Dogs and The 4th of July

For many Americans, the 4th of July is a time to celebrate, and that celebration can include anything from a quiet barbeque with friends to banging pots and pans and setting off screaming fireworks around the neighborhood.  This type of activity is a ton of fun for adults and kids, but, as you can imagine, not-so-much-fun for our pups!

So, as we gear up for another 4th of July extravaganza, let's keep a few things in mind to make sure our dogs get through the day with their spirits intact.

If you know your dog is fearful of loud noises, fireworks or if this is your dog's first 4th of July and you're not sure how he will react, I highly recommend you stay home this year.

If you are leaving for the night to enjoy fireworks or festivities outside your own backyard:

  • I'd suggest leaving your dog inside your home in a secure area. Give him plenty of toys, maybe a special treat to keep him occupied and distracted from all the noise and commotion outside. I suggest leaving the tv or radio on high volume to help drown out some of the noise.
  • If leaving your dog outside, be absolutely sure your gates and fences are secure just in case your dog gets spooked and tries to escape.
  • I believe dogs should always wear a collar with tags, but, on this night in particular, it is very important.

If you decide to stay home, here are a few things to keep in mind:

  • If your dog is reacting to the loud noises in a fearful or anxious way, fight your instincts to coddle or baby him.  I know it feels like petting him and saying “It’s ok” is the right thing to do but this can actually nurture the dog's fear and make it worse. You see, you can’t soothe the dog if you are coming across as fearful or insecure yourself. Fear is contagious. Even though you may only be worried for your dog’s wellbeing, dogs can sense the fear and assume you are also afraid of the fireworks. On the other hand, if you are honestly in a calm, confident state and say, “Take it east, don’t worry about.” you may actually be able to sooth the dog with a little massage but that’s a totally different vibe, isn’t it? Giving your dog some direction to stay by your side and settle down is a far cry from babying the dog and trying to explain that the war going on outside is “ok.” You must lead by example and behave as if it’s not a big deal. If you are not in a good emotional state, don’t touch your dog.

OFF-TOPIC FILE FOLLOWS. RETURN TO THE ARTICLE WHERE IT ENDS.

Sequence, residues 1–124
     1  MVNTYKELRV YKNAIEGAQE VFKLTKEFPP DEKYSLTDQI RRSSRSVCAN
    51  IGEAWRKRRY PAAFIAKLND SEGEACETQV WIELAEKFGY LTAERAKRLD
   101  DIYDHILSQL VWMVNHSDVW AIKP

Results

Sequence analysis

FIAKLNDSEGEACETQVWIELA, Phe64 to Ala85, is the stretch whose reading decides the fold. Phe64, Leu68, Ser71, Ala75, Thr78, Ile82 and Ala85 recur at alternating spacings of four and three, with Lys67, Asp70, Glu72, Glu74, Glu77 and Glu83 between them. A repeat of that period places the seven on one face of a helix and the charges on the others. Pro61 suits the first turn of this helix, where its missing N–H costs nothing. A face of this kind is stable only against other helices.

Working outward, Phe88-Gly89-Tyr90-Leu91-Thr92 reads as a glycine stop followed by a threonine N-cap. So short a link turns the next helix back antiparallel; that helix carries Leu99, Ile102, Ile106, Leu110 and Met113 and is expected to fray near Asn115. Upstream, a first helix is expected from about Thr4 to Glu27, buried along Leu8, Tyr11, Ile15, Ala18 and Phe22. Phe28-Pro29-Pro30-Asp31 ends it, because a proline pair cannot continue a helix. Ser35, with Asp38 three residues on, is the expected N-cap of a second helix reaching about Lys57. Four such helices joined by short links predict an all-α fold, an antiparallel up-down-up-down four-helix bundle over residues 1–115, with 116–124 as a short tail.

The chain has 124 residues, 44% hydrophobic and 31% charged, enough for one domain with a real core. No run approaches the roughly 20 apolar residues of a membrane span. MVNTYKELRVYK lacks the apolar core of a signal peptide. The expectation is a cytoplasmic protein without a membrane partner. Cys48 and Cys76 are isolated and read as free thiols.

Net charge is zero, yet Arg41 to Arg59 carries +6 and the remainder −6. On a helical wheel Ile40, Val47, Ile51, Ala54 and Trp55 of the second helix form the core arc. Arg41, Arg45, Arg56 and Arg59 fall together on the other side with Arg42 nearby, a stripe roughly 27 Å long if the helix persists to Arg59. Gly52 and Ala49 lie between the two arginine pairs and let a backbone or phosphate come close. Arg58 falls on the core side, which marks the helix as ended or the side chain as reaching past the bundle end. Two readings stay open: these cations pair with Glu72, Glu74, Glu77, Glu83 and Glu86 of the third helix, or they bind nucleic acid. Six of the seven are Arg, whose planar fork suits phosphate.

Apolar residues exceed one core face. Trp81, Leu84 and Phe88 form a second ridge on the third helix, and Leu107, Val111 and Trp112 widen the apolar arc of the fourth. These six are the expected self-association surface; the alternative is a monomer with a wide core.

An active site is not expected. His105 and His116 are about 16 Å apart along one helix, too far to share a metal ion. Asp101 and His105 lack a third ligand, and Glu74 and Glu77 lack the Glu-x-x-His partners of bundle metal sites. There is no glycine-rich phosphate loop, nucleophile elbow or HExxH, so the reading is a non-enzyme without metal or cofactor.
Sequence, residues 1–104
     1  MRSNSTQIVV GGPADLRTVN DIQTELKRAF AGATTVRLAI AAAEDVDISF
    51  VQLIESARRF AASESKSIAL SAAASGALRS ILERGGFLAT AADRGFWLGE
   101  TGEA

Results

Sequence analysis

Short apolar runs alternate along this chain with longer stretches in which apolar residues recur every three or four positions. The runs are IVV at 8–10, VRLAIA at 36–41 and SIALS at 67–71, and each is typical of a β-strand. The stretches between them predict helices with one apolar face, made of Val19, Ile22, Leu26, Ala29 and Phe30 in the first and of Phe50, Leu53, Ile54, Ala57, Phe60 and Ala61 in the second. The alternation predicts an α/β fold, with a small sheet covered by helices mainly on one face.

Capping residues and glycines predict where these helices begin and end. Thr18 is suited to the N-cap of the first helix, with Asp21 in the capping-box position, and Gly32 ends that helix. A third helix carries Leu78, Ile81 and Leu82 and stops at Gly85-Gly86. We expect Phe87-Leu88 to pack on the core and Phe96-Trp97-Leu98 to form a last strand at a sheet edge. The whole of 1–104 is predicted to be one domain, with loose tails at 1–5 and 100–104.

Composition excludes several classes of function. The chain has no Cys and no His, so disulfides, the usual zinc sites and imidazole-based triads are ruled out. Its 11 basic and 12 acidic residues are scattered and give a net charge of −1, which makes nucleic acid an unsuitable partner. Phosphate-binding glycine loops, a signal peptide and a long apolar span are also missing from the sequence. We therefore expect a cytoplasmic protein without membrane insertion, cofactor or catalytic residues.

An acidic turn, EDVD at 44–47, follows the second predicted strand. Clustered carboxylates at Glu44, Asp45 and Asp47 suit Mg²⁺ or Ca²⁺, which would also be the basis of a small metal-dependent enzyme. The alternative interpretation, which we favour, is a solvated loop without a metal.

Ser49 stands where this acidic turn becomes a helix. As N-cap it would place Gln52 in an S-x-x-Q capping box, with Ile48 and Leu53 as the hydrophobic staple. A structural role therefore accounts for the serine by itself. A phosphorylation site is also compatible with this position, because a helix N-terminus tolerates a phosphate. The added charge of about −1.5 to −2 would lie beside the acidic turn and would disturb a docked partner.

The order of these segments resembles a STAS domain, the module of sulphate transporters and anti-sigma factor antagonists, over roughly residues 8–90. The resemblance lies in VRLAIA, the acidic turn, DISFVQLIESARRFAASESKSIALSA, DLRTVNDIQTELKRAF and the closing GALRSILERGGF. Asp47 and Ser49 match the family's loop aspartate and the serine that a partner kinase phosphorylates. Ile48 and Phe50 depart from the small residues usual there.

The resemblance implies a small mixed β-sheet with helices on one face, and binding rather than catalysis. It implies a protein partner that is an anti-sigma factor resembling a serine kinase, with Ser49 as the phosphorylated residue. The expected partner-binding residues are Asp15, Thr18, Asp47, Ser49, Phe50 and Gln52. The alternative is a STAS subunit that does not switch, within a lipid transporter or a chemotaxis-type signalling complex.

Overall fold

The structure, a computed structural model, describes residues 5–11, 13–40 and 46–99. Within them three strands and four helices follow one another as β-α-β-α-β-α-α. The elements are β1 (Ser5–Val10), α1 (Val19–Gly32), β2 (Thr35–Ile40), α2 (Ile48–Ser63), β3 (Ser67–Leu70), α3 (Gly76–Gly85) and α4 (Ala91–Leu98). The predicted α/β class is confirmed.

• If your dog is in a panic, running around the house or pacing back and forth, you can put him on leash and tether him to a piece of furniture or banister nearby.  This will limit his ability to continue to get worked up and interrupt his frenzied behavior.
  • Redirect your dog's focus. If you notice your dog is reacting to the kids banging pots and pans outside or the loud rocket blasters down the street, you can redirect his focus by playing with him, doing tricks with him or allowing him to enjoy a stuffed kong full of some wet dog food or peanut butter. 

If your plans are taking you out of the house and you aren't sure how your dog will react, you can always hire a pet sitter.

What it really boils down to is, know your dog and do what is right to have a safe and fun 4th of July!

-Chad

Chad Culp–Certified Dog Trainer, Behavior Consultant, Certified Holistic Chef for Animals

Copyright 2005-2013 Chad Culp, Thriving Canine. All rights reserved. Chad@ThrivingCanine.com